5 unassisted by mechanical vapor compression). All descriptions assume that a control system 2 is required. Air conditioner bypass via direct fresh air Key components: fans, louvers, dampers, filters, (wetted media pads and pump when used with evaporative assist) A fresh air economizer mode (sometimes referred to as direct air) uses fans and louvers to draw a certain amount of cold outside air through filters and then directly into the data center when the outside air conditions are within specified set points, as shown in Figure 2. Louvers and dampers also control the amount of hot exhaust air that is exhausted to the outdoors and mixed back into the data center supply air to maintain environmental set points. Although supply air is filtered, this does not completely eliminate fine particulates such as smoke and chemical gases from entering the data center. This type of economizer mode can also be used with evaporative assist whereby the outside air also passes through a wet mesh material before entering the data center. In dry geographic locations, evaporative assist can lower the air temperature by up to 19 C (35 F), which results in additional economizer mode hours. This is the same cooling effect someone experiences when they step out of the ocean and into an ocean breeze. Note that using evaporative assist with this type of economizer mode increases the data center humidity because the fresh air brought directly into the data center is passed over the evaporative medium. Evaporative assist is most beneficial in dry climates. For more humid climates, evaporative assist should be evaluated based on ROI (return on investment). This type of economizer mode allows for partial economizer mode operation. Figure 2 Air conditioner bypass via direct fresh air mode Data Center Air conditioner bypass via air heat exchanger Key components: fans, air-to-air fixed plate heat exchanger, (wetted media pads, pump when used with evaporative assist) An air conditioner bypass via air heat exchanger mode (sometimes referred to as indirect air) uses outdoor air to indirectly cool data center air when the outside air conditions are within specified set points. This mode uses fans to blow cold outside air over a series of plates or tubes which in turn cool the hot data center air on the other side of the plates or tubes completely isolating the data center air from the outside air (see Figure 3a). This type of economizer mode can also be used with evaporative assist whereby the outside of the plates or tubes are sprayed with water which further lowers the temperature of the outside air and thus the hot data center air. Unlike the previous economizer mode, the evaporative assist in this case does not increase the humidity within the data center. Figure 3b provides an illustration of an air-to-air heat exchanger with evaporative assist and an example of a complete cooling system with this type of economizer mode. This type allows for both full and partial economizer modes. 2 Control system refers to the components that regulate the operation of a system such as closing a water valve or air louver upon reaching a certain outdoor temperature. Schneider Electric Data Center Science Center White Paper 132 Rev 0 5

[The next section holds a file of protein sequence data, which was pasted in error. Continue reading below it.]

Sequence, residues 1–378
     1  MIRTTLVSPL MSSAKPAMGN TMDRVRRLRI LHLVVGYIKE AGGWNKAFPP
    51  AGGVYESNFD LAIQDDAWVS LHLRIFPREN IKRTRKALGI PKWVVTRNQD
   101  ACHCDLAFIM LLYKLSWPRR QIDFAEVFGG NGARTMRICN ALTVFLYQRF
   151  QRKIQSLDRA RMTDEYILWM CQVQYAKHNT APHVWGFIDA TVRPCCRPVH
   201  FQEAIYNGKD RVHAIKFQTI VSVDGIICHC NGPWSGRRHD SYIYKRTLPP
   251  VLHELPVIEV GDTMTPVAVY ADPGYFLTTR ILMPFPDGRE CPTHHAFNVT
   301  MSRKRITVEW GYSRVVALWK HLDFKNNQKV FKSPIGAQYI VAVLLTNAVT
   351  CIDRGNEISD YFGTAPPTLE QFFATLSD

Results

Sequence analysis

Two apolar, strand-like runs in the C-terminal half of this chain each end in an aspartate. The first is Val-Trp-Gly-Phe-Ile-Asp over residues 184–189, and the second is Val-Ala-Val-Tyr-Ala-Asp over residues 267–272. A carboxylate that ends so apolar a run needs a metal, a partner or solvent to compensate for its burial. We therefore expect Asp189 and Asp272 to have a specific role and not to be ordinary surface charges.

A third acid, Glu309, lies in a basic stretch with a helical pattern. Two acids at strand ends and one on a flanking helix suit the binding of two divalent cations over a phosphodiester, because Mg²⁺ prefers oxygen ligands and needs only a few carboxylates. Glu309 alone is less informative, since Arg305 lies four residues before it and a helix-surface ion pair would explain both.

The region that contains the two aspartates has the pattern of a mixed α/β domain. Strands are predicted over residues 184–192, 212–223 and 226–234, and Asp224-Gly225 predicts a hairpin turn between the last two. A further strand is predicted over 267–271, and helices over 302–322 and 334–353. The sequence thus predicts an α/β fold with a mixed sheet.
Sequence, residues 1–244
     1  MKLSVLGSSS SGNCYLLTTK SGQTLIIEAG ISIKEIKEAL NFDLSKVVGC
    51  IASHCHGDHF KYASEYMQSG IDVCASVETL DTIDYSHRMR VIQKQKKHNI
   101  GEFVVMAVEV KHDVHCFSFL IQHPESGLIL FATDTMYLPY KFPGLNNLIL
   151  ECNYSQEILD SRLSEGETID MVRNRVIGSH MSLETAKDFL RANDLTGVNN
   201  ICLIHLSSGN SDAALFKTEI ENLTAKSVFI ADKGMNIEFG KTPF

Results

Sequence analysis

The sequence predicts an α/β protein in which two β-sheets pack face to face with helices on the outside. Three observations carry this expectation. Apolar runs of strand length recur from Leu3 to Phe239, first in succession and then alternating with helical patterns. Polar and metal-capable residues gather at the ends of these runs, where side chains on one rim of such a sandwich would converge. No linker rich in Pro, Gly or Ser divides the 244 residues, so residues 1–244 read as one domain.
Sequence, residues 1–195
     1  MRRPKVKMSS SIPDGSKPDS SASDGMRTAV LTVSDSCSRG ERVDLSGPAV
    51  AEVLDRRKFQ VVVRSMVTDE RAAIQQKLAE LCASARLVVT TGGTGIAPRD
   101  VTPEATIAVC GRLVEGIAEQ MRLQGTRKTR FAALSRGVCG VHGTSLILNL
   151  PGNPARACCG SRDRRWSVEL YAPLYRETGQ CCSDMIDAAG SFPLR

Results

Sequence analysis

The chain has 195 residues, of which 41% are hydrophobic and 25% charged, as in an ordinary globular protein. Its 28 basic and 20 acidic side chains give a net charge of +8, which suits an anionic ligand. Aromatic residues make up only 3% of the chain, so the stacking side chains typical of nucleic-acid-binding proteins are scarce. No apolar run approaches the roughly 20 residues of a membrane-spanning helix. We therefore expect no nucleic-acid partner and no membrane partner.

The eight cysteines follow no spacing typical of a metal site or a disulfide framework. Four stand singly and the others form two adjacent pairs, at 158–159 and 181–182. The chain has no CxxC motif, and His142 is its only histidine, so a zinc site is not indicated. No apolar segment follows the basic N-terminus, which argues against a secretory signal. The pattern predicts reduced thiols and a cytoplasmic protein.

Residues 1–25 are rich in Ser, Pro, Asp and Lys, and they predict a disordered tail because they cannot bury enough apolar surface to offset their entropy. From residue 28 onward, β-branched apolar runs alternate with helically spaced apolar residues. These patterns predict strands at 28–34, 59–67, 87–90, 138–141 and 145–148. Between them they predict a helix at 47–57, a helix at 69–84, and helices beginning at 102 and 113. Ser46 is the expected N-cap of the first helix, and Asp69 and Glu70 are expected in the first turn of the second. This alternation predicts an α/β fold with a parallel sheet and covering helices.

6 Figure 3a Air conditioner bypass via air heat exchanger mode Data Center Figure 3b Illustration of an air-to-air heat exchanger with evaporative assist (left) and an example of a complete cooling system with an integrated air conditioner bypass via air heat exchanger mode (right) Air conditioner bypass via heat wheel Key components: fans, heat wheel, (wetted media pads and pump when used with evaporative assist) An air conditioner bypass via heat wheel mode uses fans to blow the cold outside air through a rotating heat exchanger which preserves the dryer air conditions of the data center space as shown in Figure 4 along with an example of a heat wheel. Heat wheels depend on a special material that does not allow contaminates to pollute the data center air. This type of economizer mode can also be used with evaporative assist whereby the outside air is further cooled by moving through a wet mesh material. This type allows for both full and partial economizer modes. Figure 4 Air conditioner bypass via heat wheel mode (left) and example of a heat wheel (right) Data Center Schneider Electric Data Center Science Center White Paper 132 Rev 0 6